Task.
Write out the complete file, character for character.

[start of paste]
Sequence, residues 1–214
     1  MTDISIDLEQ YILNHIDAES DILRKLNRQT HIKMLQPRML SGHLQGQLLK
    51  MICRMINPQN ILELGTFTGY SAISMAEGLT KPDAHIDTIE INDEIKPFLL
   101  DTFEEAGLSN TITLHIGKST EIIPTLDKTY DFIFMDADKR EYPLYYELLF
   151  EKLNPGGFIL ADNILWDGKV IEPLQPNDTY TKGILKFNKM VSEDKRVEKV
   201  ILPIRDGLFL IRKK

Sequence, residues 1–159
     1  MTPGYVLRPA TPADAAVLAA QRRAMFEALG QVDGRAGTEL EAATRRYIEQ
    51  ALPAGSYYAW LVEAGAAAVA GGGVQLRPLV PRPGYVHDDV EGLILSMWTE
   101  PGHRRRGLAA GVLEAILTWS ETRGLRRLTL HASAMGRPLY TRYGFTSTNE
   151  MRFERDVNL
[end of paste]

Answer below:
Sequence, residues 1–214
     1  MTDISIDLEQ YILNHIDAES DILRKLNRQT HIKMLQPRML SGHLQGQLLK
    51  MICRMINPQN ILELGTFTGY SAISMAEGLT KPDAHIDTIE INDEIKPFLL
   101  DTFEEAGLSN TITLHIGKST EIIPTLDKTY DFIFMDADKR EYPLYYELLF
   151  EKLNPGGFIL ADNILWDGKV IEPLQPNDTY TKGILKFNKM VSEDKRVEKV
   201  ILPIRDGLFL IRKK

Sequence, residues 1–159
     1  MTPGYVLRPA TPADAAVLAA QRRAMFEALG QVDGRAGTEL EAATRRYIEQ
    51  ALPAGSYYAW LVEAGAAAVA GGGVQLRPLV PRPGYVHDDV EGLILSMWTE
   101  PGHRRRGLAA GVLEAILTWS ETRGLRRLTL HASAMGRPLY TRYGFTSTNE
   151  MRFERDVNL